As the disease progresses from mild to moderate, the signs may become more noticeable to family and friends, because the patient may exhibit difficulty in self-care and in accomplishing everyday tasks. At this stage, some behavioral changes often are noted, such as frustration, anger, and anxiety. Usually at this stage, the need for caregiver assistance may become essential for the safety of the individual.

In the severe stage of AD, individuals typically are characterized as being solely dependent on the caregiver. Some patients in this stage may experience loss of bladder and bowel control and episodes of aggression. Table 1 lists, for each stage of AD, behavioral and cognitive changes as well as how the disease may affect the individual’s daily routine.

The Role of the Pharmacist

In almost every area of pharmacy practice, pharmacists are very likely to encounter a patient with AD and/or a caregiver. Therefore, it is imperative for pharmacists to keep abreast of new developments in research and pharmacologic therapies regarding the disease.

Pharmacists can be a vital resource for both patients and their caregivers, thereby improving quality of life. A comprehensive understanding of the etiology, pathophysiology, and stages of AD, as well as pharmacologic therapy, is imperative to provide effective care to the patient.

Pharmacists can assist patients with AD through monitoring drug regimens for potential drug interactions as well as possible contraindications. More importantly, pharmacists always should try to demonstrate empathy toward patients with AD and their caregivers, keeping them informed about new developments in the fight against this condition and suggesting resources of information for them.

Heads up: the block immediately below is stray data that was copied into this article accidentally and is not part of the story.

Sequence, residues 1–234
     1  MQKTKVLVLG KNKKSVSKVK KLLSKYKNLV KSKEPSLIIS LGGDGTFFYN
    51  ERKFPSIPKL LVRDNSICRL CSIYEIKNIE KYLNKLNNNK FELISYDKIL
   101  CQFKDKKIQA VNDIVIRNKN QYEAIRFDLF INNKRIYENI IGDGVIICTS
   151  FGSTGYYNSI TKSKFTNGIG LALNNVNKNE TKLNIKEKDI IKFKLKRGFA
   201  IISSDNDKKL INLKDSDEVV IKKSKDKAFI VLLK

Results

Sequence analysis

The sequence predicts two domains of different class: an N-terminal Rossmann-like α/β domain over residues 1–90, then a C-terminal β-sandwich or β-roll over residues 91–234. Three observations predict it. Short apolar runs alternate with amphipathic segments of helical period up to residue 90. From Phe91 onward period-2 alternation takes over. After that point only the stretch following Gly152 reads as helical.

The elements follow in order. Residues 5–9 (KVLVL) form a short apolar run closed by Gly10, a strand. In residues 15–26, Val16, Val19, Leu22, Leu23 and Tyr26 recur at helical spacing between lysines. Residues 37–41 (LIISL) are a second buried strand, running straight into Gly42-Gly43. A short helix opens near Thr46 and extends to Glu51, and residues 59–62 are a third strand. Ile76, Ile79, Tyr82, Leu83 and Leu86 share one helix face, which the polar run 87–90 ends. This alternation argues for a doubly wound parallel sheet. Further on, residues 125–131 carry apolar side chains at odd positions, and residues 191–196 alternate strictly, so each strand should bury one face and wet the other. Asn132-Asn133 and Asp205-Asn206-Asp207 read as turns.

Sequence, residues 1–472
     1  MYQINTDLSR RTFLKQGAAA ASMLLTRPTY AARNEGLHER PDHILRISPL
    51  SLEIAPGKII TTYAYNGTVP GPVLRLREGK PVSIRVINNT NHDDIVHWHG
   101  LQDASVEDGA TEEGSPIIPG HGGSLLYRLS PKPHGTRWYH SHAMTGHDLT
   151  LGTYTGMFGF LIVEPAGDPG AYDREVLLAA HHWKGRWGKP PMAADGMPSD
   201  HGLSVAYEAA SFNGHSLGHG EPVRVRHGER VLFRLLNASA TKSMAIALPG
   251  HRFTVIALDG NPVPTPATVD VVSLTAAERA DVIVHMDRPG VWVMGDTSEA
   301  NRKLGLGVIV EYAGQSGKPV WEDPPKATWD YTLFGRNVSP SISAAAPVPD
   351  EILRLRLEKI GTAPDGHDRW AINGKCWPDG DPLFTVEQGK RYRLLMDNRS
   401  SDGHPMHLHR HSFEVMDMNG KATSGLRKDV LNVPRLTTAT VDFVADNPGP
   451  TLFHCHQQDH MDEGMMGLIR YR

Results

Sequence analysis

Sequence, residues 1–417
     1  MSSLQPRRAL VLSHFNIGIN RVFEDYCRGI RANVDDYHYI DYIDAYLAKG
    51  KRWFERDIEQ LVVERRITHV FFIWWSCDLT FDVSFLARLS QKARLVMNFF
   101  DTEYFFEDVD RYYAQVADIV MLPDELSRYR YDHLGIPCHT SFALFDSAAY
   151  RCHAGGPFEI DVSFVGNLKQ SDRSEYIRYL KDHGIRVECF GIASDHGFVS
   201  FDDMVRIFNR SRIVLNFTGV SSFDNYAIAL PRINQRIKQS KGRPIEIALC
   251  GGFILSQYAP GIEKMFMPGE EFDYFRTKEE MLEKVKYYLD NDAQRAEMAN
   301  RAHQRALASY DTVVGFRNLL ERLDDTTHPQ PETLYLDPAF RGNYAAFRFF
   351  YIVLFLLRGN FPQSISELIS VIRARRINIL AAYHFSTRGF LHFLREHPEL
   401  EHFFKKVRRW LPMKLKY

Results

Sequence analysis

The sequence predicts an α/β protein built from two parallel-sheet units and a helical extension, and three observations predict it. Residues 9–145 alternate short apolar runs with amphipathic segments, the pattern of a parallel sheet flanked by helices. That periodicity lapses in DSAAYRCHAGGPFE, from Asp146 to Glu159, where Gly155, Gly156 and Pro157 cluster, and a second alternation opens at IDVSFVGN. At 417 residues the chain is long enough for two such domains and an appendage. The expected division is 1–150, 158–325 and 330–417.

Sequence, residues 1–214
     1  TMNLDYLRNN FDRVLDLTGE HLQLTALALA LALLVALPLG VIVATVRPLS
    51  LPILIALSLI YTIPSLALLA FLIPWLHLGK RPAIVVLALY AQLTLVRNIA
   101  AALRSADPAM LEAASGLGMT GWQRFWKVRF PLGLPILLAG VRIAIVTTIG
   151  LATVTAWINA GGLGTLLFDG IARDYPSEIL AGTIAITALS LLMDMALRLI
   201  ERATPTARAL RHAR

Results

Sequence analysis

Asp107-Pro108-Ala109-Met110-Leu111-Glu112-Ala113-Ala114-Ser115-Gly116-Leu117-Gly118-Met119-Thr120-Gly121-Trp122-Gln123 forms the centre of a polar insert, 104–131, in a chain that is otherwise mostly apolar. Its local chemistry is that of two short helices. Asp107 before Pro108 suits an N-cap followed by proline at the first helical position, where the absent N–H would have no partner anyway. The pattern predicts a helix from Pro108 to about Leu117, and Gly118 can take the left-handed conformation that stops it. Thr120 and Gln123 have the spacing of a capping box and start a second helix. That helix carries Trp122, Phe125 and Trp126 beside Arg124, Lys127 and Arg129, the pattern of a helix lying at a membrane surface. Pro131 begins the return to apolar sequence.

Caring for a patient with AD involves more than drug treatment. Caregivers should be encouraged to join a local support group and to take care of themselves and seek assistance when warranted.

During counseling, pharmacists can provide patients and their caregivers with various suggestions for techniques that may aid in the management of AD, such as the use of memory aids or schedules. Examples of memory aids include a list of daily routines, important telephone numbers in case of an emergency, and instructions on how to perform various tasks. In addition, pharmacists can make recommendations for creating a safe environment and establishing an exercise routine, if appropriate.44

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May 21, 2008 - Posted by | Uncategorized